LONDON — (TNS) British Prime Minister Boris Johnson on Monday survived the biggest challenge yet of his political career as he avoided being booted from office by his fellow Conservative Party lawmakers after months of outrage over boozy parties that he and his staff attended while the rest of the country was under COVID-19 lockdown.

The vote of confidence, which saw 211 of 359 Conservative members of Parliament express their support for keeping him as party leader and therefore as prime minister, means that Johnson — who has gained a reputation for an ability to rebound from controversy — is protected from further internal challenge to his leadership for at least another year.

But the narrow victory by British political standards, a month after an investigator’s report called out “failures of leadership and judgment” over wine- and gin-fueled parties at Johnson’s Downing Street office and residence in 2020 and 2021, leaves him in a weakened position, analysts say. The wounding came less than three years after Johnson celebrated leading Conservatives to one of their biggest election victories in decades.

“He survives, but how well does he survive?” said John Curtice, a politics professor at the University of Strathclyde in Glasgow, Scotland. “Did he win by enough to persuade colleagues to stay behind him?”

The previous prime minister, Theresa May, also temporarily avoided an early end to her term after surviving a no-confidence vote in 2018, only to see her authority among Conservative lawmakers tumble, forcing her to resign less than six months later.

Many Britons were disgusted when photos emerged around the beginning of the year of Johnson, his wife and some members of his staff snacking on wine and cheese in their garden in May 2020 with no social distancing, at a time when his government had ordered the country to go under pandemic lockdown. Johnson said he was simply attending a “work meeting.”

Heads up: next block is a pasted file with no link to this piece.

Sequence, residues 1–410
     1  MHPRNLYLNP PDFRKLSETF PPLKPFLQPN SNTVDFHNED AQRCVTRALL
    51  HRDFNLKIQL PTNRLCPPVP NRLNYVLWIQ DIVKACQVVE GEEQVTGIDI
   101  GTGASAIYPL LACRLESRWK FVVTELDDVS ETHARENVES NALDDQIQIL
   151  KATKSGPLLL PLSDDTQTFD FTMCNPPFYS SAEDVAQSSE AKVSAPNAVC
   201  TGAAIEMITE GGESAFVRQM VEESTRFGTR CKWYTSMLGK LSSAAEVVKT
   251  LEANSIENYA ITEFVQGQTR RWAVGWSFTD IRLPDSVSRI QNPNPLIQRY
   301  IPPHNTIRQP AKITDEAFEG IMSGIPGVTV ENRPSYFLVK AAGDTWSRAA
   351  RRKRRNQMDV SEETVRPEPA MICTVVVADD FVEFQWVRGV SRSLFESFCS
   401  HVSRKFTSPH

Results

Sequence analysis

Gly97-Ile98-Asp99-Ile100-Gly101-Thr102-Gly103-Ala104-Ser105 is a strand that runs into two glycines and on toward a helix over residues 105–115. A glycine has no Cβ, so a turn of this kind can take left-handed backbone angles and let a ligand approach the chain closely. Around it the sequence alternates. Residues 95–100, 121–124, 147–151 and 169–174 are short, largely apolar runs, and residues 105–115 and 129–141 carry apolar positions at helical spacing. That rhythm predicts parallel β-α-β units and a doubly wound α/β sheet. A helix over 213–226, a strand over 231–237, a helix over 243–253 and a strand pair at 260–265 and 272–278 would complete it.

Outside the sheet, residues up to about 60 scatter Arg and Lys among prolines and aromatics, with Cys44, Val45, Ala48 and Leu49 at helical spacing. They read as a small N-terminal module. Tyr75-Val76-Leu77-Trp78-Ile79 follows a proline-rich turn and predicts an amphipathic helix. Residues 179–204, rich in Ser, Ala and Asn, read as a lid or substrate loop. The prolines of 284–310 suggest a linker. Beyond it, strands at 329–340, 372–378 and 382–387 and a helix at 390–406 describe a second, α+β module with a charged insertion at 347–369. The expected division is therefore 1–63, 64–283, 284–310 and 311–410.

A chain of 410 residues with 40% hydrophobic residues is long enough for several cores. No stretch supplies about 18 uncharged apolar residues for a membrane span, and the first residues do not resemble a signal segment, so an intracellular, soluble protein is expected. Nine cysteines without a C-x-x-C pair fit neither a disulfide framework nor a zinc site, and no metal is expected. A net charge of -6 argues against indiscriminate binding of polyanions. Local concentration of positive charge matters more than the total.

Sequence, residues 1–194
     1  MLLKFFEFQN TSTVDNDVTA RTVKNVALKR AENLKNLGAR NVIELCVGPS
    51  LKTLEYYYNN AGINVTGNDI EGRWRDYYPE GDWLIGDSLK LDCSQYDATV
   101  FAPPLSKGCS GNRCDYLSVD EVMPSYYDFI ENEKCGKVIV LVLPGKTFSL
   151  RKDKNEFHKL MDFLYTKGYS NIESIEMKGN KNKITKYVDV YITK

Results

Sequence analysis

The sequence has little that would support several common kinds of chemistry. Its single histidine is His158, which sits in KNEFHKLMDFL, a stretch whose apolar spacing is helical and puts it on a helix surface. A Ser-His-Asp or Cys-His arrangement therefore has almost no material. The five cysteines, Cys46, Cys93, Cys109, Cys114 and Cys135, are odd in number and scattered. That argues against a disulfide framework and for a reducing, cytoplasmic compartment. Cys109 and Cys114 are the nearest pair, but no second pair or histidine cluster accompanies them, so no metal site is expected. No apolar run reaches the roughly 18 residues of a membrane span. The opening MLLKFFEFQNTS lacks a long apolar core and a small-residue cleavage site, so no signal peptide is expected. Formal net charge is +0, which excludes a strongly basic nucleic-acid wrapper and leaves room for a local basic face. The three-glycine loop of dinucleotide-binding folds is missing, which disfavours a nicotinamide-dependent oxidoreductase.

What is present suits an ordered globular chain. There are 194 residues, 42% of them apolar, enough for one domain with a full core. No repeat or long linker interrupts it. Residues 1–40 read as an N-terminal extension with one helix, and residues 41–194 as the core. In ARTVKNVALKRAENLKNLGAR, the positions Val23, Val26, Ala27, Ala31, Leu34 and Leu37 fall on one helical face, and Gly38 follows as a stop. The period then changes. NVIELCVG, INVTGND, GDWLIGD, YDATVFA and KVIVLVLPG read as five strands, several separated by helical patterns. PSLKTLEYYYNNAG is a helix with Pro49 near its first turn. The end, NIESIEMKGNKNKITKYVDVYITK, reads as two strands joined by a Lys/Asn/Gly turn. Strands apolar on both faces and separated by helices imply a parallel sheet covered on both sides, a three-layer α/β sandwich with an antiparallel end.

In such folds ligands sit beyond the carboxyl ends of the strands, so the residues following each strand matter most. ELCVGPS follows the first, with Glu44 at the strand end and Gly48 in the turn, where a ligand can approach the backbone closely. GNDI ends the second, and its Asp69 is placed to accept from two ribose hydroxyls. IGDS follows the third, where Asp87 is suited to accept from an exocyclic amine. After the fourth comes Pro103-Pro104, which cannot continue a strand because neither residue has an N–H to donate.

He was also forced to apologize for a raucous gathering held in Downing Street the night before the funeral of Prince Philip, Queen Elizabeth II’s husband. Critics contrasted the party culture in Johnson’s office with the image of the somber-looking queen sitting alone, according to the rules, at the funeral of her husband of more than seven decades.

In addition to the investigation and published report on the “partygate” scandal by a senior civil servant, Scotland Yard looked into the parties and issued more than 100 fines for breaches of lockdown rules. Johnson himself was fined 50 pounds (about $63), making him the first British prime minister to be sanctioned for breaking the law while in office.

Monday evening’s secret ballot of Tory lawmakers, which came after an extended holiday weekend during which Johnson was booed as he arrived at a church service honoring the queen’s 70-year reign, was announced in the morning by Conservative official Graham Brady, who said he had received letters from the required 15% of the party’s lawmakers asking for the vote.

“Tonight is a chance to end months of speculation and allow the government to draw a line and move on, delivering on the people’s priorities,” the prime minister’s office said in a statement ahead of the vote.

Even though he won the challenge to his leadership, one analyst said the fact that there was a vote will damage Johnson’s reputation.

“There were ministers of Parliament who were willing to tolerate the parts of Johnson that they did not like. But the culture of law-breaking became too much for some,” said Anand Menon, a politics professor at King’s College London.

The question around Johnson, Curtice said, has become whether his party and the public are “willing to believe him.”